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image SM volume 42/29

Reference number

SM volume 42/29


Variant sketch design


Rough plan, elevation and detail of pedestal to column


dimensions and calculations given, and (pen over pencil) Mr Robins / Pullinger / Black

Signed and dated

  • (pen) May 4. 1800

Medium and dimensions

Pencil, pen inscriptions on thin laid paper (201 x 322)




C Patch 1799


Soane began work on alterations and additions to Aynhoe Park in 1799 and there are drawings (SM 6/4/1-47 and see also Concise Catalogue for the new library, dining room and drawing room with bedrooms above. Twin triumphal arches were built on the north side to link the house with the previously detached office and stable blocks.
Of the names that Soane wrote on his drawing: 'Mr Robins' probably refers to John Robins, auctioneer and estate agent of Warwick Street, Golden Square, London for whom Soane designed Norwood Hall, Norwood Green in what was then Middlesex but is now London. There is a copy set of 9 contract drawings dated 8 July 1801 and other drawings in the Soane Museum (SM 4/4/14-24, 81/2/59). Coincidentally, the front elevation was designed on a triumphal arch theme. (see D.Stroud, Sir John Soane, architect, 2nd ed., 1996, pp.184,207,210,282; G.Darley, John Soane:an accidental Romantic , 1999, pp.154,244,267,292, for information on Robins)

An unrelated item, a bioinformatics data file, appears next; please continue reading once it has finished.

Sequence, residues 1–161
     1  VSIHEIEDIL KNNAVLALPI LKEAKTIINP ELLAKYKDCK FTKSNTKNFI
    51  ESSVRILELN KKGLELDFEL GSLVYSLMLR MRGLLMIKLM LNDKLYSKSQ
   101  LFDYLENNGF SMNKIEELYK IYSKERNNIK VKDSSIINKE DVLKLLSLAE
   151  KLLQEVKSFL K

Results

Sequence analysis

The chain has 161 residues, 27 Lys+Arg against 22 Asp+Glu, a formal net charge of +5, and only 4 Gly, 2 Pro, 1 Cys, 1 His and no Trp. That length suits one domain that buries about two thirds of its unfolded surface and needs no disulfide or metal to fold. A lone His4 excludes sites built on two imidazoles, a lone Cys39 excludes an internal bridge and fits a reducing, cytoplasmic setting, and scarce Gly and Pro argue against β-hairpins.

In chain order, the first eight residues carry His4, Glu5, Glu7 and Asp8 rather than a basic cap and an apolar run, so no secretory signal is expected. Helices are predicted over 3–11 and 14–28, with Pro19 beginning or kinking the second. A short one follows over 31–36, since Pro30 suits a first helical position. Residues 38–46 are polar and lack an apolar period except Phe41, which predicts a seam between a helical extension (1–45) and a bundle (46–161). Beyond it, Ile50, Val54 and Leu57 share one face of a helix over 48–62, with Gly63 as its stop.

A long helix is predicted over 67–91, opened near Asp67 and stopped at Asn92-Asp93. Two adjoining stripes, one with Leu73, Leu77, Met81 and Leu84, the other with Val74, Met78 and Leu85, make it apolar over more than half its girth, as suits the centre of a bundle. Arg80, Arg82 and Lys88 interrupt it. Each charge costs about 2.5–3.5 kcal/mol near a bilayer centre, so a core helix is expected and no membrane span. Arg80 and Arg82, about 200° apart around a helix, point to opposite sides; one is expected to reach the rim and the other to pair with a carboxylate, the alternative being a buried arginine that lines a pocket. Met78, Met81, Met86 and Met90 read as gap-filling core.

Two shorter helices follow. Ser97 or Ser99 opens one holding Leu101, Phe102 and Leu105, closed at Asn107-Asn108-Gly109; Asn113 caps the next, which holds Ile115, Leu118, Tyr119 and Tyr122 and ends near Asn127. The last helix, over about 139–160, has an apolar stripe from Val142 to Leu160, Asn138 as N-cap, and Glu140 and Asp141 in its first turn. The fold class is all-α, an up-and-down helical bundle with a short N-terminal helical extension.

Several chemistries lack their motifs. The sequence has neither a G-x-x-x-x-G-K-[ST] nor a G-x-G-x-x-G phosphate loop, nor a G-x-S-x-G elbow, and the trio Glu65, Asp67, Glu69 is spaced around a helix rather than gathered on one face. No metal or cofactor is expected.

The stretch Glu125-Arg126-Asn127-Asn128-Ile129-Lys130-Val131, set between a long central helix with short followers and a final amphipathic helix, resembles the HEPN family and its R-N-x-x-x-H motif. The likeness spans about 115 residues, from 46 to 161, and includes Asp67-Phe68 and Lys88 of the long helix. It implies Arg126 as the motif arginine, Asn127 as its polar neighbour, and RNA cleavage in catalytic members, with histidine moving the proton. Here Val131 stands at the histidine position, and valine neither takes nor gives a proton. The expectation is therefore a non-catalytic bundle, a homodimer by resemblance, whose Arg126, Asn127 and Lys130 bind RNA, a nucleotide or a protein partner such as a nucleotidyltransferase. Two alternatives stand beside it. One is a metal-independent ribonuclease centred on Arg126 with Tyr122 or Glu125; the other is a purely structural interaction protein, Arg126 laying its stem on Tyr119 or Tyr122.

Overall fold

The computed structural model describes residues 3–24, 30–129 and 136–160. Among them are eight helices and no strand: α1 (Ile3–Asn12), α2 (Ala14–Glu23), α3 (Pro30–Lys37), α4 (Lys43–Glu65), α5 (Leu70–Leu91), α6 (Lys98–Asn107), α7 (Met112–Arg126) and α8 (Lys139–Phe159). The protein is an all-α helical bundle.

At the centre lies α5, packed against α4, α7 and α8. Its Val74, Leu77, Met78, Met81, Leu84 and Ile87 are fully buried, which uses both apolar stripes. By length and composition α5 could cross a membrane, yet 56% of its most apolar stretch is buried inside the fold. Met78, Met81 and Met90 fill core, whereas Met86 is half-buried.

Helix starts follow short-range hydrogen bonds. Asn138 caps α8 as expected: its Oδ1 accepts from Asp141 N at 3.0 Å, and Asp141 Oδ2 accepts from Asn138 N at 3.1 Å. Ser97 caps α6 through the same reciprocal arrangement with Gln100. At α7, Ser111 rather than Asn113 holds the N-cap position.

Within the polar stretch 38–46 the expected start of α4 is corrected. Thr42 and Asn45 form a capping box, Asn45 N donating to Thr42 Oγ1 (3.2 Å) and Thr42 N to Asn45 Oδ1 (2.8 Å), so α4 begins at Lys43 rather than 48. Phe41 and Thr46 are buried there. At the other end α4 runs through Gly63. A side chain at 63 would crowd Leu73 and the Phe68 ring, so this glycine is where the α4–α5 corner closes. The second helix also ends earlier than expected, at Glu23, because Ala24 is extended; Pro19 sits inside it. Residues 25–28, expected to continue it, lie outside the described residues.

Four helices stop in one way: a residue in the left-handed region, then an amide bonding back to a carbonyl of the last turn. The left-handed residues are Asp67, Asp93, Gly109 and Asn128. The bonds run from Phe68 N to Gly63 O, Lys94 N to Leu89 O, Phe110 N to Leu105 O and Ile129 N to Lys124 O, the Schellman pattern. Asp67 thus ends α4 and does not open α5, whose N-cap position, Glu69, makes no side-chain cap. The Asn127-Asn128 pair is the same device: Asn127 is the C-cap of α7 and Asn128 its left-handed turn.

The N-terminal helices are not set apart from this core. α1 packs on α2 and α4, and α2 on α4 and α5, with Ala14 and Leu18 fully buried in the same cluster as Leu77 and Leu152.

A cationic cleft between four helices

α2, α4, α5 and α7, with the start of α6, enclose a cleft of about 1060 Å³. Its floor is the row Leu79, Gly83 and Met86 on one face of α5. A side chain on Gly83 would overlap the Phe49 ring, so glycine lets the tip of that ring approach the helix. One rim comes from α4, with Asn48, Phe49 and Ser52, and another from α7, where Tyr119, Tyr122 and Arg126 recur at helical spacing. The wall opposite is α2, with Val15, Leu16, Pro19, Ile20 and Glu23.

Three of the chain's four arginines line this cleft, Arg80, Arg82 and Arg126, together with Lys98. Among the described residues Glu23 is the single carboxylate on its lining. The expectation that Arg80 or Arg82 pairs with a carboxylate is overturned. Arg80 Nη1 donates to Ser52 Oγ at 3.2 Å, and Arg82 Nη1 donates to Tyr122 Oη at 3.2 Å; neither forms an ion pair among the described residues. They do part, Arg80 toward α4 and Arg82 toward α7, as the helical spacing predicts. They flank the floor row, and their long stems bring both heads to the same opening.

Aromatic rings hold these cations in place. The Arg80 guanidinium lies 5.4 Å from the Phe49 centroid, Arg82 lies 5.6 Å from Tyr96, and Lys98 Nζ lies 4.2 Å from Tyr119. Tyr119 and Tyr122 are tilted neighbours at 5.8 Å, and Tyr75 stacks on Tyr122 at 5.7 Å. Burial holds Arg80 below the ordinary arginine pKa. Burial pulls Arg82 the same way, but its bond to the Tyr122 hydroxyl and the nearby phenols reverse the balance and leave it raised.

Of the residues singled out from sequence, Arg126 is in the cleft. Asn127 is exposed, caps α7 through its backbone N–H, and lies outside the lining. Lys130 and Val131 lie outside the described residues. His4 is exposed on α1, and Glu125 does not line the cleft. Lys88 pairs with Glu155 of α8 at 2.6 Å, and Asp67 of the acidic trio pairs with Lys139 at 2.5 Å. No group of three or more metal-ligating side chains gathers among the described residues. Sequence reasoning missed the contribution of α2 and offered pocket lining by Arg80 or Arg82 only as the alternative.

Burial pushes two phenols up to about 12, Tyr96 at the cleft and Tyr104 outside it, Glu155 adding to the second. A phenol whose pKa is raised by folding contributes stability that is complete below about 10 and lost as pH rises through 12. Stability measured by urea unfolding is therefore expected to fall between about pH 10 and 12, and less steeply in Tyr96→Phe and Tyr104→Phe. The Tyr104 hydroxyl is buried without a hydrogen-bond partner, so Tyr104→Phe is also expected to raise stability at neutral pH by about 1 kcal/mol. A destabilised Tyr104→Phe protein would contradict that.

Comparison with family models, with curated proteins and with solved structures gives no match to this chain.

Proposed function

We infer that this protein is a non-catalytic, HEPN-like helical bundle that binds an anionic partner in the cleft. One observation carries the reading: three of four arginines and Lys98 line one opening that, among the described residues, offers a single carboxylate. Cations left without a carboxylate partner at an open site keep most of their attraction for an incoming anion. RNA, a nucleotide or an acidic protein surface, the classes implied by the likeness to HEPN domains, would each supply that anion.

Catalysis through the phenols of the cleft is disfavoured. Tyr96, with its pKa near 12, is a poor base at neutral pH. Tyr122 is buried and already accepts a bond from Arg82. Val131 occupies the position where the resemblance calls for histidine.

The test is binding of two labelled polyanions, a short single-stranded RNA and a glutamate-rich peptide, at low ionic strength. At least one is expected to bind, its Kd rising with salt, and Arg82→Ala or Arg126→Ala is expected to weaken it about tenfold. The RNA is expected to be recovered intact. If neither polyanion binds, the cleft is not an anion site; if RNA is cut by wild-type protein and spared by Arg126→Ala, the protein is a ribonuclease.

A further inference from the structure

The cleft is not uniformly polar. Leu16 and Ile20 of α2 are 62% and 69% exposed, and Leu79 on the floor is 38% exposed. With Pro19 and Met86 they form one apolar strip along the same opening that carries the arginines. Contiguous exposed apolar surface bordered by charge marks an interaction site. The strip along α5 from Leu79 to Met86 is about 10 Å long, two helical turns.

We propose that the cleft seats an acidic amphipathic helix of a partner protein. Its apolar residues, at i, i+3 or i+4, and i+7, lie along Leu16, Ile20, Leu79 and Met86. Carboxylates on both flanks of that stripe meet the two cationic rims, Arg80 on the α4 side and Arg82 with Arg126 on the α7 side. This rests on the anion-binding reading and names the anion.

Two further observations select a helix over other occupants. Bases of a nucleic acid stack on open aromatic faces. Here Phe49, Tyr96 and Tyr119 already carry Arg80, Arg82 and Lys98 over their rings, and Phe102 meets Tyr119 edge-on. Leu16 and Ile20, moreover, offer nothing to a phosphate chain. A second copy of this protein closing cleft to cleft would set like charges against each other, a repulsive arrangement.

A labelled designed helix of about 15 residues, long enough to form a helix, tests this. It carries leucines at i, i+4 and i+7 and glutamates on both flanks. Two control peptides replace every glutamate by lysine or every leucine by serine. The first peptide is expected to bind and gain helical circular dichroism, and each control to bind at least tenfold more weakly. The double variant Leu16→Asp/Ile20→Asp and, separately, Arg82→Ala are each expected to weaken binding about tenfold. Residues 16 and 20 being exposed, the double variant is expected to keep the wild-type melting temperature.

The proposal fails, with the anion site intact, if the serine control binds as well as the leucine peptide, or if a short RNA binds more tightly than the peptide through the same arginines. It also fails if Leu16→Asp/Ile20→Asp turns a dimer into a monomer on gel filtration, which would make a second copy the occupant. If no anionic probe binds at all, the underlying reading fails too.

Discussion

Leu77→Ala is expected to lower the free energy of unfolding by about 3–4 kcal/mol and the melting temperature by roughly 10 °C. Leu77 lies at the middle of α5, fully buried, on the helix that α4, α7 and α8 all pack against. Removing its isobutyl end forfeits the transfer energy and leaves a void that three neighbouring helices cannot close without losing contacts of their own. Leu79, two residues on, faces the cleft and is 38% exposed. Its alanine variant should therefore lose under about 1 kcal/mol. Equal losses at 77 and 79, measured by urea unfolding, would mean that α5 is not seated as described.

'Pullinger' is John Pullinger, a clerk of works and master carpenter who supplied a design for a roof for Aynhoe (SM 77/1/46). 'Black' has not been traced.



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Sir John Soane's collection includes some 30,000 architectural, design and topographical drawings which is a very important resource for scholars worldwide. His was the first architect’s collection to attempt to preserve the best in design for the architectural profession in the future, and it did so by assembling as exemplars surviving drawings by great Renaissance masters and by the leading architects in Britain in the 17th and 18th centuries and his near contemporaries such as Sir William Chambers, Robert Adam and George Dance the Younger. These drawings sit side by side with 9,000 drawings in Soane’s own hand or those of the pupils in his office, covering his early work as a student, his time in Italy and the drawings produced in the course of his architectural practice from 1780 until the 1830s.

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